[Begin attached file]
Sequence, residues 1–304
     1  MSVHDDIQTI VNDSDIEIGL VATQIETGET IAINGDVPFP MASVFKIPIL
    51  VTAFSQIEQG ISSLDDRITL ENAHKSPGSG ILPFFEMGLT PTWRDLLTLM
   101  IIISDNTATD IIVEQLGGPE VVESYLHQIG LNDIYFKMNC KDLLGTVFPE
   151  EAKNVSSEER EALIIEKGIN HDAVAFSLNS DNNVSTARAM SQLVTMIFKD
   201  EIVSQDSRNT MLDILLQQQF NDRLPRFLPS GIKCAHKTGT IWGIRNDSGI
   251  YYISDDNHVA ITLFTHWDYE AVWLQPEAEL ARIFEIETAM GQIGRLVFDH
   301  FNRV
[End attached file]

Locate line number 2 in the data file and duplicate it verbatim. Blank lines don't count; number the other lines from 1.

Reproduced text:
     1  MSVHDDIQTI VNDSDIEIGL VATQIETGET IAINGDVPFP MASVFKIPIL